One of my favorite quotes is from Adam Savage of the Mythbusters and Tested.com: "Remember kids, the only difference between screwing around and science is writing it down." The same thing can be said about website design.
You just finished a brand new web page that is going to perform great and get you awesome leads!
Or is it?
How do you know if a web page is performing? How do you know if your design is easy to understand, or that it is reaching the right persona audience?
Inbound marketing websites need to be monitored on a regular basis to make sure the content you have put so much effort into is actually generating the leads you need. Even if the content is great, if users can’t find it or find submitting their information is confusing or intimidating, it will not perform well.
To test an inbound website you need to understand what to test for and what tools are available to do that testing.
The first thing you need to do is determine what you want to test for. Knowing what inbound metrics you are testing for will determine the correct testing method and which tools will work best.
Here are some of the metrics you should be analyzing:
There are a large plethora of tools to use to measure these metrics. I'm going to cover how to setup some of the ones I'm more familiar with and most available to everyone. These tools include:
Google Analytics is one of the most common and complicated analysis tools out there. While it is easy to setup it can be very hard to get any real data out of it. However, with the right setup you can make it generate great information. It even lets you see the data in real time.
Some of the things you can test for in Google Analytics include:
PageSpeed Insights is a great tool to see how fast your web page loads. It will give you a score of 0-100 for both mobile and desktop versions of your site. It also lists areas where you can improve your score along with great resources on how to reduce image size [usually the biggest pagespeed culprit] and other page elements that can affect your score.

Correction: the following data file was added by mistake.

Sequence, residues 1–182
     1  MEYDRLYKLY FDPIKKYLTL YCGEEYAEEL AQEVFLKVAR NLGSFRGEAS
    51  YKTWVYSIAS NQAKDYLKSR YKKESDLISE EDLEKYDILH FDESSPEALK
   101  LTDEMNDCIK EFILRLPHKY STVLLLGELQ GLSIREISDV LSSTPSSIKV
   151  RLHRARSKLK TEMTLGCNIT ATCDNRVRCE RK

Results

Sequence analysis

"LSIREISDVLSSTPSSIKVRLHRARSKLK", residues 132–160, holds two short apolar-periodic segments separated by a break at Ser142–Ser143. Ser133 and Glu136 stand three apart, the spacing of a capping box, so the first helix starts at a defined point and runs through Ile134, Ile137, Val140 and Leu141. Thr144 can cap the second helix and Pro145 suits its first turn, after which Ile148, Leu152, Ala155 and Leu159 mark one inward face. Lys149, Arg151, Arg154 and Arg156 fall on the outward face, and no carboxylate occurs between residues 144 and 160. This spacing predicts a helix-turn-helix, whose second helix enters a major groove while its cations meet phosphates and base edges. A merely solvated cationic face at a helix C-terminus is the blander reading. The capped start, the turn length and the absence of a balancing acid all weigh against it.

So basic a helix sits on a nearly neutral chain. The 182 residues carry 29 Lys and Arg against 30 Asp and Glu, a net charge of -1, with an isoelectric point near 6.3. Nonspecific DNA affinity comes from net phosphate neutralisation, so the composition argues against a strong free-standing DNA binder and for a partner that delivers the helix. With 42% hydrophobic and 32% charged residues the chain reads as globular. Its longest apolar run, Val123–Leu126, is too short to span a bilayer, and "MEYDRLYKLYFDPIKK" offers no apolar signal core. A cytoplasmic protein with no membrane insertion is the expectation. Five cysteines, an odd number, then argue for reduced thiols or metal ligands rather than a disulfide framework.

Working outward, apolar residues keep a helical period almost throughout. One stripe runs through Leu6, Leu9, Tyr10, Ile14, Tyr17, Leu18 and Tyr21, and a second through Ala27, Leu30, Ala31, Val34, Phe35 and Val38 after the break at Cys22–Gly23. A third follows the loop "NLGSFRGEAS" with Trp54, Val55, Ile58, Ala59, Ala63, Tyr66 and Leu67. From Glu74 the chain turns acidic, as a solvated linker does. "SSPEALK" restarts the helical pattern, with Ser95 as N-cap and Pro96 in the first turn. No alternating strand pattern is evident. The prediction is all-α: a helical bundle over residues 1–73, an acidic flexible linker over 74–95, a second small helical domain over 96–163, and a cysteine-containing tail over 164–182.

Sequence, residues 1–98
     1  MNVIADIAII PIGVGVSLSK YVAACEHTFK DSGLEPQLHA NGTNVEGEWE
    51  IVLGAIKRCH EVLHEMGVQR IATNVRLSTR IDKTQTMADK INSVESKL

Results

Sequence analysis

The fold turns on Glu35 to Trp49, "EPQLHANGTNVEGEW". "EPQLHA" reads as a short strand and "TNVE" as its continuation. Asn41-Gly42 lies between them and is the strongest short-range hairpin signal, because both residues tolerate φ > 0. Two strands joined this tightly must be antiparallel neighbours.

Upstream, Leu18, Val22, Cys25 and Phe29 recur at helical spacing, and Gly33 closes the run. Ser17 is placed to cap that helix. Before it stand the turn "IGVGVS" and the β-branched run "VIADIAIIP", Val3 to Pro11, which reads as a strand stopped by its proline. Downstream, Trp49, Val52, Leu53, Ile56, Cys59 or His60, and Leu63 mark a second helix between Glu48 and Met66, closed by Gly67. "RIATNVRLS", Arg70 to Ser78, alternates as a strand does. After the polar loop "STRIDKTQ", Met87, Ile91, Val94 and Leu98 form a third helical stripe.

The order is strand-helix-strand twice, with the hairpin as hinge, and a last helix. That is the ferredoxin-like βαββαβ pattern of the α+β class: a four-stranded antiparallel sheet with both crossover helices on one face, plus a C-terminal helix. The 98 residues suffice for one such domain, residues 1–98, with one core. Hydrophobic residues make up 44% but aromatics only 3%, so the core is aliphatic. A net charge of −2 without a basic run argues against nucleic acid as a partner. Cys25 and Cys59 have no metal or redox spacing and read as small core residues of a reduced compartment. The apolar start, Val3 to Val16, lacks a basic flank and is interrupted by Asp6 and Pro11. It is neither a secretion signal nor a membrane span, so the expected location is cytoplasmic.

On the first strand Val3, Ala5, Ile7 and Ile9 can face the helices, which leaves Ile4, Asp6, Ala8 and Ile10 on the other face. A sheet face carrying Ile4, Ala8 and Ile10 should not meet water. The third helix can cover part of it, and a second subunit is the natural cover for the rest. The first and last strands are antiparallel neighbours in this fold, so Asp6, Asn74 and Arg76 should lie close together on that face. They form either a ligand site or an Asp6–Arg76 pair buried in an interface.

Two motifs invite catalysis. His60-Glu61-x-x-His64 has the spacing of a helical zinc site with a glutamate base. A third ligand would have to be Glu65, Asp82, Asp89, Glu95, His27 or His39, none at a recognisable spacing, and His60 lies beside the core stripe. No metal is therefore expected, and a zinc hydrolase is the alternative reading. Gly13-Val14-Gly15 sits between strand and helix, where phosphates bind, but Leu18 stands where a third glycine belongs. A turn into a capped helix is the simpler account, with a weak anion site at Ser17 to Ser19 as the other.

One thing to notice is that it now puts mobile in front of desktop. As online traffic is now higher on mobile devices Google prioritizes mobile load speed and mobile content more than desktop content.
When it comes to measuring important inbound marketing page metrics, I love HubSpot.
One of the main reasons is that it's easy to get useful data. Unlike Google Analytics, HubSpot is designed for usability over flexibility. They make it easy for inbound marketers to find the important data, such as form conversions and CTA click through rates.
Some of the web page metrics you can test for in HubSpot include:
A relatively newer tool, HotJar lets you really dig into on page and human analysis. Through a combination of page heat maps, screen capture videos, and other user interactions, HotJar can really help you see what specific design elements are causing your page to under or outperform other content.
HotJar can help you test:
New testing tools are coming out all of the time, and we are always staying on top of the latest and greatest. Understanding what you need to test for and what options are out there is critical to knowing what is working on your website and what needs to be fixed.